Ten Tips to Get That Toxic Person Out of Your Head
Have you ever felt unable to stop thinking about someone because of what they did or said, or because they left you baffled by their actions?
When someone hurts you or your loved ones, they may get stuck in your mind for longer than you’d like. This can cause you to feel bad, not just at the time you were hurt, but days, weeks, or even months later.
When this happens, you can’t stop thinking about the behavior that hurt you so much. In fact, you keep in your mind the memory of the image and words of that toxic person. This happens a lot in couples who suddenly end their relationship.
Fortunately, it’s possible to learn to let go of these types of thoughts and free yourself from the negative influence that unhealthy people can leave in your life even several months after they’ve left.
Having toxic thoughts
You probably know that toxic thoughts are harmful, both emotionally and physically. In fact, studies show that a person with negative thoughts tends not only to be more unhappy but also to be in poorer health and less able to cope with life’s challenges.
Many researchers support this fact. Some determine that toxic thinking plays a critical role in illnesses such as depression, cancer, heart disease, and autoimmune disease.
How to eliminate your toxic thoughts and get that person out of your head
No doubt you work really hard to eliminate everything that’s toxic in your life. For example, you might buy organic products, avoid unhealthy foods, and eat green vegetables. However, it’s likely that you put very little effort into trying to detox your mind. Yet, doing so could have a really positive impact on your daily life.
How, then, can you stop thinking about a toxic person and the damage they’ve done to you? How can you forget their attitude, behavior, or actions that let you down and upset you? Why does this unpleasant memory keep coming back to you again and again?
These ten small but powerful ideas will help you get that toxic person out of your head. Therefore, you’ll get out of that downward spiral of toxic thoughts and emotions. Indeed, choose any of these ways of thinking or acting, and you’ll be able to rid yourself of that undesirable person who’s haunting your mind once and for all:
1. Stop talking about them. After a while, not mentioning them will mean they go completely out of your head.
2. Wait and see what happens next. Often, you feel the need to respond and react to difficult people or situations immediately. Instead, give yourself permission to wait and see what happens next.
3. Stay away from feelings of guilt. Thinking about past events and blaming yourself for them is rarely productive. In fact, you’ll find that bad things and misunderstandings tend to ‘happen’ more often, through a series of events, like a domino effect. No one person is generally entirely to blame for anything.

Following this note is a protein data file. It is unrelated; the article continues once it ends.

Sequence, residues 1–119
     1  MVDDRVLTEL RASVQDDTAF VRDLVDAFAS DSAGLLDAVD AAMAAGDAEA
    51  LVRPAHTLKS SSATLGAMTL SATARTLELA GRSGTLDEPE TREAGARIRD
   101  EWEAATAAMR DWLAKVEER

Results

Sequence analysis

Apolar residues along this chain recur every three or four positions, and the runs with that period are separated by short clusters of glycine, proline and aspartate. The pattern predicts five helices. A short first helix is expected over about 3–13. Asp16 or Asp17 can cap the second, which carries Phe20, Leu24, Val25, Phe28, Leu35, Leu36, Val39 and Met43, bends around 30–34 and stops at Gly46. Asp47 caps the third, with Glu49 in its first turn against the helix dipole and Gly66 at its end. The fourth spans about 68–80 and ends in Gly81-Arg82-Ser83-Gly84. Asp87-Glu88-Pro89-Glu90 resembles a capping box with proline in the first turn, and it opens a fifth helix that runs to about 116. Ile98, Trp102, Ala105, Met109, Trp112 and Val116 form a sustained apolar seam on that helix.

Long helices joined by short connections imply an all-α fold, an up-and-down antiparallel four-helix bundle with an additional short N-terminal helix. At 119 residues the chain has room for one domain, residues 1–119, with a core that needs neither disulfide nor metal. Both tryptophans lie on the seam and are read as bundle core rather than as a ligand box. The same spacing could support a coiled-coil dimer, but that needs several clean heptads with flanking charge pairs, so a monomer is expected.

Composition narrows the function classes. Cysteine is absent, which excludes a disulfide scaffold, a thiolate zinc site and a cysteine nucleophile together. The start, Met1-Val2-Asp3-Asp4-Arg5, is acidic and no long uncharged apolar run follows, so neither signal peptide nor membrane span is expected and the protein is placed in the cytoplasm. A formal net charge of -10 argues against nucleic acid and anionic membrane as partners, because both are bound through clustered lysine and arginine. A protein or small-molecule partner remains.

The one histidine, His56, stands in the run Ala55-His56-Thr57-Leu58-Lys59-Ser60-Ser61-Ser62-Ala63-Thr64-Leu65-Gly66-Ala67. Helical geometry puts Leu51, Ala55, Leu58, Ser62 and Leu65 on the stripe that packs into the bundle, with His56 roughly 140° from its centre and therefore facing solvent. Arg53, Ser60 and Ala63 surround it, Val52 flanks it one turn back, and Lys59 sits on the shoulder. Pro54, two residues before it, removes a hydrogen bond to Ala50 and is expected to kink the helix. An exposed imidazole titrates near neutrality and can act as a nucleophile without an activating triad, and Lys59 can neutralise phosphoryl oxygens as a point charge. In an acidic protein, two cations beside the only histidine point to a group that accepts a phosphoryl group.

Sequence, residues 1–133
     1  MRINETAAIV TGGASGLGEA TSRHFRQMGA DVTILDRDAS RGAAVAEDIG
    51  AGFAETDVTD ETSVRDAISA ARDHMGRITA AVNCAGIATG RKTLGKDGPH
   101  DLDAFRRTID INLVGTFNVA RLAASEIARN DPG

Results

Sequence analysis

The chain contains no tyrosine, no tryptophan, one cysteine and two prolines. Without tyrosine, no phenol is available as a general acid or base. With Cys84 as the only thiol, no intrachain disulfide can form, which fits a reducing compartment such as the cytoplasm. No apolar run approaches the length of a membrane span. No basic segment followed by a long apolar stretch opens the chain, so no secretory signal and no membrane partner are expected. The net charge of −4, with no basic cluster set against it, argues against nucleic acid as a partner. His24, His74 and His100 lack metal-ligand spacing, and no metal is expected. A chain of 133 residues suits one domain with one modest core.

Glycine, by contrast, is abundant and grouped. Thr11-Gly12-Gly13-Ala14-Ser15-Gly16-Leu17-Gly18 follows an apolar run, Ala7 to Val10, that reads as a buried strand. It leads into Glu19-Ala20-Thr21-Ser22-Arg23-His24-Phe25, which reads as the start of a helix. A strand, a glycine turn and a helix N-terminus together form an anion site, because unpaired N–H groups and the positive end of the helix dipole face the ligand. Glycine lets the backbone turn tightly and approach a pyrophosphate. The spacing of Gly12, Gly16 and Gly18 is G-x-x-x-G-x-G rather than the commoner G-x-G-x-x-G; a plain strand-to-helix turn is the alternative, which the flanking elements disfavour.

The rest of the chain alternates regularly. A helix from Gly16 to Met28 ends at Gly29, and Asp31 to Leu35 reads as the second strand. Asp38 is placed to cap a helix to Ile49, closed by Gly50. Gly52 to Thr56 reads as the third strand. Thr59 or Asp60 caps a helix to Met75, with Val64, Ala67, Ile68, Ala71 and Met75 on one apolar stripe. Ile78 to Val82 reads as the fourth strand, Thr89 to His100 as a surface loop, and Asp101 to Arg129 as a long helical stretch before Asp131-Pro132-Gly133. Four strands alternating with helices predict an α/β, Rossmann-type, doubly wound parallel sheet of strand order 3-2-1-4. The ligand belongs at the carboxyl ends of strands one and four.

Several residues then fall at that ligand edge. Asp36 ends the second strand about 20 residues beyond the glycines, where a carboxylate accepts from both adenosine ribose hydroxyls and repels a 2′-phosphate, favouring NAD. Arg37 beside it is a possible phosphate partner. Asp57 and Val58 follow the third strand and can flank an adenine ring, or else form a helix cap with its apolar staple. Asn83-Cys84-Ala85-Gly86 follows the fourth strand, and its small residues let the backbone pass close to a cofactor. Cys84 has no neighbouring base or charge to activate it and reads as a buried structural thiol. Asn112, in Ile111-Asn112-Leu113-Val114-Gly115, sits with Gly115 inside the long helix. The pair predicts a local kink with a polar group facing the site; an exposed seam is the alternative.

4. Try not to try to get into other people’s minds. You’ll never get to know what they’re really thinking. It’s impossible.
5. Deal with your biggest problem first. No matter what happened, the biggest problem you’re facing is your own anger. In fact, your anger creates a cloud of emotion that prevents you from responding in a useful and productive way. Therefore, eliminating this emotion can help you in discovering more effective ways to act and you’ll be able to resolve your conflicts with ease.
6. Practice calm. Faced with a situation in which you’ve felt offended or hurt, it’s essential that you manage to keep your emotions under control. Otherwise, they could run amok and end up causing even worse effects.
7. Don’t believe everything you think. When you’re emotionally held hostage by worry, grief, fear, anxiety, or anger, the emotional and physical state you experience makes you think that your discomfort is real. However, this may not be true. In this particular case, doubting your own emotions can be a really useful tool.
8. You’re not a time wizard. When you think about past events that have hurt you, you often think about what you could’ve done differently to avoid an altercation or a regrettable outcome. This, however, rarely brings you anything positive.
9. Forgiveness. You’re probably too loyal to your suffering. To get rid of it, use forgiveness, both toward the person who’s upset you and toward yourself.
10. Change your state of mind. If none of the previous techniques has been helpful, it may be that changing your environment and distracting yourself with more pleasant aspects can help you reduce your levels of discomfort and face your problems more effectively.It might interest you...
All cited sources were thoroughly reviewed by our team to ensure their quality, reliability, currency, and validity. The bibliography of this article was considered reliable and of academic or scientific accuracy.
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- Ehring, T. (2021). Thinking too much: rumination and psychopathology. World Psychiatry, 20(3), 441.
- Long, K. N., Worthington, E. L., VanderWeele, T. J., & Chen, Y. (2020). Forgiveness of others and subsequent health and well-being in mid-life: a longitudinal study on female nurses. BMC psychology, 8(1), 1-11.
- Marcks, B. A., & Woods, D. W. (2005). A comparison of thought suppression to an acceptance-based technique in the management of personal intrusive thoughts: A controlled evaluation. Behaviour research and therapy, 43(4), 433-445.
- Pickard, H. (2013). Irrational blame. Analysis, 73(4), 613-626.